SARASOTA, Fla. (WWSB) - Wawa is facing a wave of lawsuits over a data breach that affected its 850 locations along the East Coast, including here in Florida, according to the Associated Press.
Last week, Wawa CEO Chris Gheysens informed the public that on December 10, their information security team discovered malware on their processing servers. It was contained two days later, but Wawa officials believe the malware had been collecting card numbers, customer names and other data at all Wawa locations since as early as March.
The Philadelphia Inquirer reported Friday that at least six lawsuits seeking class-action status have been filed in federal court in Philadelphia. A Wawa spokesman declined to comment on the pending litigation.
Gheysens says they believe the malware no longer poses a risk to customers using a payment card at Wawa locations and it never posed a risk to their ATMs.
“I apologize deeply to all of you, our friends and neighbors, for this incident. You are my top priority and are critically important to all of the nearly 37,000 associates at Wawa. We take this special relationship with you and the protection of your information very seriously. I can assure you that throughout this process, everyone at Wawa has followed our longstanding values and has worked quickly and diligently to address this issue and inform our customers as quickly as possible,” he said in a statement.
Thousands of Wawa customers could be affected. The company says information that may have been taken included credit and debit card numbers, expiration dates, and cardholder names on payment cards. It says debit card PIN numbers, credit card CVV2 numbers (the three or four-digit security code printed on the card), other PIN numbers, and driver’s license information used to verify age-restricted purchases were not affected by this malware.
Below is detailed information from the company:
What Happened? Based on our investigation to date, we understand that at different points in time after March 4, 2019, malware began running on in-store payment processing systems at potentially all Wawa locations. Although the dates may vary and some Wawa locations may not have been affected at all, this malware was present on most store systems by approximately April 22, 2019. Our information security team identified this malware on December 10, 2019, and by December 12, 2019, they had blocked and contained this malware. We also immediately initiated an investigation, notified law enforcement and payment card companies, and engaged a leading external forensics firm to support our response efforts. Because of the immediate steps we took after discovering this malware, we believe that as of December 12, 2019, this malware no longer poses a risk to customers using payment cards at Wawa.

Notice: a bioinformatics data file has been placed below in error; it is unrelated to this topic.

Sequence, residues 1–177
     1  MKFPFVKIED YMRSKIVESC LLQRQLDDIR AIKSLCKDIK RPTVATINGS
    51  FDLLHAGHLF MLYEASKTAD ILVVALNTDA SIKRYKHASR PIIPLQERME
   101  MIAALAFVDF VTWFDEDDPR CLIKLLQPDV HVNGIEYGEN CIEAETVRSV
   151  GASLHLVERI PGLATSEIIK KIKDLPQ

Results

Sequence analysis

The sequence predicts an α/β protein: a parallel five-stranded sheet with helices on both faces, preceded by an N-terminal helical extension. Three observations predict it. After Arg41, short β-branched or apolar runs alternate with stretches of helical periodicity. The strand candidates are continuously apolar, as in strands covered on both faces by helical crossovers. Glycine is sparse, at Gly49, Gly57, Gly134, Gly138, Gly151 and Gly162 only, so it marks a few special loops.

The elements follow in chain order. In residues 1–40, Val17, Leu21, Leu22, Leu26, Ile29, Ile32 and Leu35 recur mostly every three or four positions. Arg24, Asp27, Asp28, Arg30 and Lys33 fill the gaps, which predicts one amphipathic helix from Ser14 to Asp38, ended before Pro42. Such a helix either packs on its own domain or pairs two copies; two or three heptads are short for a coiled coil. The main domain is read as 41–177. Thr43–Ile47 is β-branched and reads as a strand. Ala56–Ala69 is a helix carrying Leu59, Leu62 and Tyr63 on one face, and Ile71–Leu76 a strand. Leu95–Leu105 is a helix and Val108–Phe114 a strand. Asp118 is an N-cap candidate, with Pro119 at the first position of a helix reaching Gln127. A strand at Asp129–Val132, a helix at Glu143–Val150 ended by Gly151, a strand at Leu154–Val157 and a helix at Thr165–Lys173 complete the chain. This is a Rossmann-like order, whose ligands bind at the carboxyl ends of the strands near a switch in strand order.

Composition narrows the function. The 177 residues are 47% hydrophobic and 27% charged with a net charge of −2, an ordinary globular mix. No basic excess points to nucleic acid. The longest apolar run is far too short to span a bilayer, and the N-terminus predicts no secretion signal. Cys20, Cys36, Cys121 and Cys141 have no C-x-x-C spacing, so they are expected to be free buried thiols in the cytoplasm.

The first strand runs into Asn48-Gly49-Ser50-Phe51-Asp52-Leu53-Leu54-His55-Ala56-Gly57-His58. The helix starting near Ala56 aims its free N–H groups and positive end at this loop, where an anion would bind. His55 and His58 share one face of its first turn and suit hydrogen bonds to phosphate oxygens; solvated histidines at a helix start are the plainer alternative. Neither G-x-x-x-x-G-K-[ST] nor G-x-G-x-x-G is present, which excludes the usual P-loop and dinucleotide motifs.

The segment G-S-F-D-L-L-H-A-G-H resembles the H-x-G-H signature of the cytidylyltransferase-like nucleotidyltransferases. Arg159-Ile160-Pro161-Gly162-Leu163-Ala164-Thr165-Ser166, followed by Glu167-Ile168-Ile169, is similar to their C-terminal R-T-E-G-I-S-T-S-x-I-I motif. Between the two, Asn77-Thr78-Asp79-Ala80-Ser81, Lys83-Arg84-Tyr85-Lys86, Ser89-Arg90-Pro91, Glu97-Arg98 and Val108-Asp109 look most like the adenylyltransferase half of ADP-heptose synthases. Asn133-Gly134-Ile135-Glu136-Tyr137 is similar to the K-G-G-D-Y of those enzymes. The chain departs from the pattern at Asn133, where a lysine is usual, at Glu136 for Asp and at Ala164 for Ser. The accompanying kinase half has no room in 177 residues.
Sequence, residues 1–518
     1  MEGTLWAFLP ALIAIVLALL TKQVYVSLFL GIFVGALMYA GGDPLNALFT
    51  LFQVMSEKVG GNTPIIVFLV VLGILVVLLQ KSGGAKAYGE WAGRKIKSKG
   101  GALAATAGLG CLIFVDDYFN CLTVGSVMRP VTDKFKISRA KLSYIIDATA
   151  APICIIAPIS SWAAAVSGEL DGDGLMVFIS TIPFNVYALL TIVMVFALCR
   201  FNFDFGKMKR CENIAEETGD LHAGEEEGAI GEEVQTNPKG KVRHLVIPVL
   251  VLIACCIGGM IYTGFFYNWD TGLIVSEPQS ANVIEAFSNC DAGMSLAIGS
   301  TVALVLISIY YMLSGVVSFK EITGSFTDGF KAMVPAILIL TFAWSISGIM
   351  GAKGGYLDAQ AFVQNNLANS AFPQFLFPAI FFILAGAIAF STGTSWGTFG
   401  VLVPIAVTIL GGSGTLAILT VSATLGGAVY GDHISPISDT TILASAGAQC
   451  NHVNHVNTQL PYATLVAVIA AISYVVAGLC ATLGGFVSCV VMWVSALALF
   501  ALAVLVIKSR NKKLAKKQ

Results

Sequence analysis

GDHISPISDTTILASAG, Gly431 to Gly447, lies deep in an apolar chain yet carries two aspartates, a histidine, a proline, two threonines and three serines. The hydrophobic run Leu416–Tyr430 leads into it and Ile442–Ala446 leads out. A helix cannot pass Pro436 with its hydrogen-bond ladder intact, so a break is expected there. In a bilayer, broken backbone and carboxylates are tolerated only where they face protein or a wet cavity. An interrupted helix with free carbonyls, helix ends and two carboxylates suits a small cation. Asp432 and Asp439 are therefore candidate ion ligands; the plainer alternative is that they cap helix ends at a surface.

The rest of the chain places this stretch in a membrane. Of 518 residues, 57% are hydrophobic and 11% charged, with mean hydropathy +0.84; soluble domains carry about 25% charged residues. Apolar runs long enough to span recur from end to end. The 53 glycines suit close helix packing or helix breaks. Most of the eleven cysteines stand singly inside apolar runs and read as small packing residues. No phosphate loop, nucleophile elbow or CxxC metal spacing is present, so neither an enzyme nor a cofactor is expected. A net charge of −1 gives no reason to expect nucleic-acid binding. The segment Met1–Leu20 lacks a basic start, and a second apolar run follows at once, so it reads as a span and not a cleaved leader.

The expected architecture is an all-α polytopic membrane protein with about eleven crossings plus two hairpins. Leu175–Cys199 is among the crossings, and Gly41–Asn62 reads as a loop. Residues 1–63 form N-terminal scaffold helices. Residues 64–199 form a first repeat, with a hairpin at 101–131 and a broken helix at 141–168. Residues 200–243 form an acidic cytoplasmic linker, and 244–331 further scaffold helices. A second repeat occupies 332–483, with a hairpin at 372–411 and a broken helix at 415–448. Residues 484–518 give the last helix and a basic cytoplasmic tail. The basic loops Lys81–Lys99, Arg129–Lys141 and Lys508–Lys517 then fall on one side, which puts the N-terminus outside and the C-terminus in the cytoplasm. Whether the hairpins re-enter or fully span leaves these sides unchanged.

What Information Was Involved? Based on our investigation to date, this malware affected payment card information, including credit and debit card numbers, expiration dates, and cardholder names on payment cards used at potentially all Wawa in-store payment terminals and fuel dispensers beginning at different points in time after March 4, 2019 and ending on December 12, 2019. Most locations were affected as of April 22, 2019, however, some locations may not have been affected at all. No other personal information was accessed by this malware. Debit card PIN numbers, credit card CVV2 numbers (the three or four-digit security code printed on the card), other PIN numbers, and driver’s license information used to verify age-restricted purchases were not affected by this malware. If you did not use a payment card at a Wawa in-store payment terminal or fuel dispenser during the relevant time frame, your information was not affected by this malware. At this time, we are not aware of any unauthorized use of any payment card information as a result of this incident. The ATM cash machines in our stores were not involved in this incident.
What We Are Doing As soon as we discovered this malware on December 10, 2019, we took immediate steps to contain it, and by December 12, 2019, we had blocked and contained it. We believe this malware no longer poses a risk to customers using payment cards at Wawa. As indicated above, we engaged a leading external forensics firm to conduct an investigation, which has allowed us to provide the information that we are now able to share in this letter. We are also working with law enforcement to support their ongoing criminal investigation. We continue to take steps to enhance the security of our systems. We have also arranged for a dedicated toll-free call center (1-844-386-9559) to answer customer questions and offer credit monitoring and identity theft protection without charge to anyone whose information may have been involved, which you can sign up for as described below.
For steps on how to protect your information, which you can also see here: